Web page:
Chris Wondolowski has four games to make history

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Sixteen years ago, Roy Lassiter became Major League Soccer’s first scoring champion, posting 27 goals in league’s inaugural, 32-game season. The U.S. international teamed up with league MVP Carlos Valderrama to help the Tampa Bay Mutiny to the Eastern Conference finals. With two other players eclipsing the 20-goal mark that season, nobody knew if 27 goals would be remarkable or the expectation for future scoring champions.

Fast forward to 2012 and Lassiter still holds the record for most goals in a season, though as the league’s website reminds up today, one man is within striking distance. Coming off a three-goal week, San Jose’s Chris Wondolowski sits on 22 with four games left: vs. FC Dallas, at Colorado, vs. LA Galaxy, at Portland.

Five goals in four games is a big ask, and given San Jose’s bigger goals, the team can’t make the individual mark a priority (no matter how much they’re love for time to get it). But if there was a plan to be devised on how to get Wondo to 27, it might include these things:

1. Penalty kicks – In three of the four remaining games, San Jose will be favored. They’ll probably be able to control those matches, which should lead to a greater probability of earning penalty kicks. If San Jose can get two chances from the spot, that will go a long way toward getting Wondolowski five goals.

2. Beat up on the little guys – Despite what happened in San Jose last week, Portland’s still struggling. So is Colorado. Those are road games, so there’s an added level of difficulty, but big games against the conference’s two weakest opponents will alleviate Wondolowski’s need to score often against LA and Dallas’s stringier defenses.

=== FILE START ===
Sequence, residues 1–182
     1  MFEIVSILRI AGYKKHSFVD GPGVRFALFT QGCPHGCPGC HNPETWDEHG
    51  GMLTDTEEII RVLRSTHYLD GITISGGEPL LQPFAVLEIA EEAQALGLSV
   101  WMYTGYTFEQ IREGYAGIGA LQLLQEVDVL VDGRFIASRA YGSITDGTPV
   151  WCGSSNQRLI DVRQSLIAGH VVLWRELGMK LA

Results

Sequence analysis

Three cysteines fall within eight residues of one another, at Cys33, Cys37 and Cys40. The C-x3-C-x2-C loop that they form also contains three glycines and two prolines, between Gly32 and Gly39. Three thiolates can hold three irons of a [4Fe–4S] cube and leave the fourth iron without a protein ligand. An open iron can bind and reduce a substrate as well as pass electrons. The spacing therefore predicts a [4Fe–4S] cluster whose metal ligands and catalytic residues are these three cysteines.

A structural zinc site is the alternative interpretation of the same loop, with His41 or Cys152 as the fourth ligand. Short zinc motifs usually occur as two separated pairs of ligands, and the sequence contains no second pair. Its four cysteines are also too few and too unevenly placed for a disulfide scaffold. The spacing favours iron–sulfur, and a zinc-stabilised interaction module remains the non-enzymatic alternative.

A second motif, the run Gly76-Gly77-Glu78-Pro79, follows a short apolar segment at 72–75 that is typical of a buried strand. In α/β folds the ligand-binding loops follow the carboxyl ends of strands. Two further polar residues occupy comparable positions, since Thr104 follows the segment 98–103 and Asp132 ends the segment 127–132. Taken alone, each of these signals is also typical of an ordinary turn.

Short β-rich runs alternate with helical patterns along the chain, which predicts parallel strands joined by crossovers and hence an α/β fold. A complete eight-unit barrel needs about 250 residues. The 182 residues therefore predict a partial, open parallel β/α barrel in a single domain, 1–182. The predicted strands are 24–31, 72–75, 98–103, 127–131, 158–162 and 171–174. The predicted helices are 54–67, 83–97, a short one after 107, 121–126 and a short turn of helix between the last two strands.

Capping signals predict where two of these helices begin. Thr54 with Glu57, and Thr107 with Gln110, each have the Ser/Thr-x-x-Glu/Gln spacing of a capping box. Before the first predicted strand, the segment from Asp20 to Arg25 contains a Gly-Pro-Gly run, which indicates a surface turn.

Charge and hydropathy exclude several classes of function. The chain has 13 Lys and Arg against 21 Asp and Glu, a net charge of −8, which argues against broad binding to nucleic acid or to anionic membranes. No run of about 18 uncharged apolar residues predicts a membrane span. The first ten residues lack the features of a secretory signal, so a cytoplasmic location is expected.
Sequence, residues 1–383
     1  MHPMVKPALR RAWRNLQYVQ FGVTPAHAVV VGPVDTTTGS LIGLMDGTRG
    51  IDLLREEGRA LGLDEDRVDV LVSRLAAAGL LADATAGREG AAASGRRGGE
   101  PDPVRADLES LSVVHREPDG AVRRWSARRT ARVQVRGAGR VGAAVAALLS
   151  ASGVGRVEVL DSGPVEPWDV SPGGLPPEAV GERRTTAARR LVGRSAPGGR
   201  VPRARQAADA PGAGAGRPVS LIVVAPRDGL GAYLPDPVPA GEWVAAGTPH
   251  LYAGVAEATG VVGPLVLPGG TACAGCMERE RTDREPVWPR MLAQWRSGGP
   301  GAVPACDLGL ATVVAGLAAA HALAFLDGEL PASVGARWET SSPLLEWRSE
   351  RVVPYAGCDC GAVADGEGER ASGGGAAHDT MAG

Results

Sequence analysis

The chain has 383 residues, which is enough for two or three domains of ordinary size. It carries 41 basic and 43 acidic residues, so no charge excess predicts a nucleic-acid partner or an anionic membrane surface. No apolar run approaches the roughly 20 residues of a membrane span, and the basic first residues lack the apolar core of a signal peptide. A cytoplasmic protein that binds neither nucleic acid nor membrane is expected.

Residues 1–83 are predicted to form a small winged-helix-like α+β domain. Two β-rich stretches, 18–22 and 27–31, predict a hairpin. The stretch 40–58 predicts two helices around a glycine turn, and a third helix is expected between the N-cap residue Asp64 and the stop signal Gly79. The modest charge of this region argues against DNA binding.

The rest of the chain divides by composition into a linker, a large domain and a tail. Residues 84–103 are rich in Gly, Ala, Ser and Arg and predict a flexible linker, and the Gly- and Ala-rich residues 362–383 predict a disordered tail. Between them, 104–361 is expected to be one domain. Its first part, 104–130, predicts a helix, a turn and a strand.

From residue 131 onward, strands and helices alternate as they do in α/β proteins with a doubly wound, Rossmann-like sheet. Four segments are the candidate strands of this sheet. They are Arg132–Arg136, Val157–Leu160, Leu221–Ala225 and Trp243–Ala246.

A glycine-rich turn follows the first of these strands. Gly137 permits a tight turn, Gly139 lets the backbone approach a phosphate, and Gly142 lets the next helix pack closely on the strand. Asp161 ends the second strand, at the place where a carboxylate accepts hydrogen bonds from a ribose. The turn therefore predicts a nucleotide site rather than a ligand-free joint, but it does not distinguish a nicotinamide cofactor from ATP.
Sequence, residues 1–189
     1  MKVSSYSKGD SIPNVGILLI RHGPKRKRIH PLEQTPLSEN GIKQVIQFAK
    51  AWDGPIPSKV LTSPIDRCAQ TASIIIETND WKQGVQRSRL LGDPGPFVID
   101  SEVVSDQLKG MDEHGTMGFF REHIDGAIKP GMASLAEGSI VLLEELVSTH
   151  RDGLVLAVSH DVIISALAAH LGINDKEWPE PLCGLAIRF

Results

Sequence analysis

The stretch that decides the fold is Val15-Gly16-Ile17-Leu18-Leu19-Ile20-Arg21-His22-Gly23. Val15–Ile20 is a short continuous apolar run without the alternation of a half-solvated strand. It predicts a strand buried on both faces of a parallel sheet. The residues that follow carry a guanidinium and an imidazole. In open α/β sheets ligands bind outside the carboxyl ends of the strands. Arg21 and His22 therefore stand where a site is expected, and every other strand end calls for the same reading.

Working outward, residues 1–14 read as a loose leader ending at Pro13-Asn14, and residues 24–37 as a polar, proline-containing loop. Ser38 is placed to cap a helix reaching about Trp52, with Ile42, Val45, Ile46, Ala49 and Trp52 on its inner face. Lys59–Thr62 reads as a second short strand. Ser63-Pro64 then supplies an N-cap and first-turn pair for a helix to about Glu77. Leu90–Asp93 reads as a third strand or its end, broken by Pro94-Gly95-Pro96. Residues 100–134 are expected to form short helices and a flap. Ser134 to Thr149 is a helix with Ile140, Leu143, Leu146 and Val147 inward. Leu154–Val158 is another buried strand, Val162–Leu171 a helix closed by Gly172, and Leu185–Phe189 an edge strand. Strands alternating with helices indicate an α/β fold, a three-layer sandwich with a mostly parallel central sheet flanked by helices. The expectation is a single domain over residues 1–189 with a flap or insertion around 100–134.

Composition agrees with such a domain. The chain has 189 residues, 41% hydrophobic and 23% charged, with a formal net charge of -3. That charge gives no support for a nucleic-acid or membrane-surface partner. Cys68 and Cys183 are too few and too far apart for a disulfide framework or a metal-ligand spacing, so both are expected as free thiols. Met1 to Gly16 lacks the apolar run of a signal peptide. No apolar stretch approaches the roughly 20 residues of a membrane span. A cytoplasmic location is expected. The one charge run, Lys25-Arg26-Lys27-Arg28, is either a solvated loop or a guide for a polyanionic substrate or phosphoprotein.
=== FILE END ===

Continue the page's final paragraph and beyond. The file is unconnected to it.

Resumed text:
3. One big game – And if Wondowloski can have one huge game in this span, the rest of the challenge becomes much easier. If he hits for three against Colorado or Portland, Wondolowski only has to score two-in-three over the rest of the month.

If one or two of those things come together, Wondolowski can still pass Lassiter, doing so without the aid of a virtuoso like Valderrama. Wondolowski also pursues an honest-to-goodness record. In 1996, nobody knew if 27 goals was a huge amount, something to expect every year, or a total which would eventually be squashed. Lassiter didn’t have the pressures Wondolowski will face.

There’s also the team concerns. Between the Supporter’s Shield chase, the goal-scoring mark, and the playoffs, San Jose’s final two-plus months of the season set up similarly to how Duke basketball coach Mike Krzyzewski approaches NCAA basketball tournaments. He’s described them as a series of three, two-game tournaments, each building on the former until everything comes together at the Final Four. For San Jose, the focus of closing out the Supporters Shield could give way to the goal-scoring record then the playoffs, each goal requiring a different type of commitment.

But giving the goal-scoring race that kind of attention could backfire, regardless of whether Wondolowski gets the record. San Jose must avoid investing too much and peaking before the playoffs. If Wondo scores a couple of goals against Dallas, the record will move front-and-center. Frank Yallop and San Jose will need to be very careful not to squelch his team’s enthusiasm while maintaining their perspective on the bigger goals.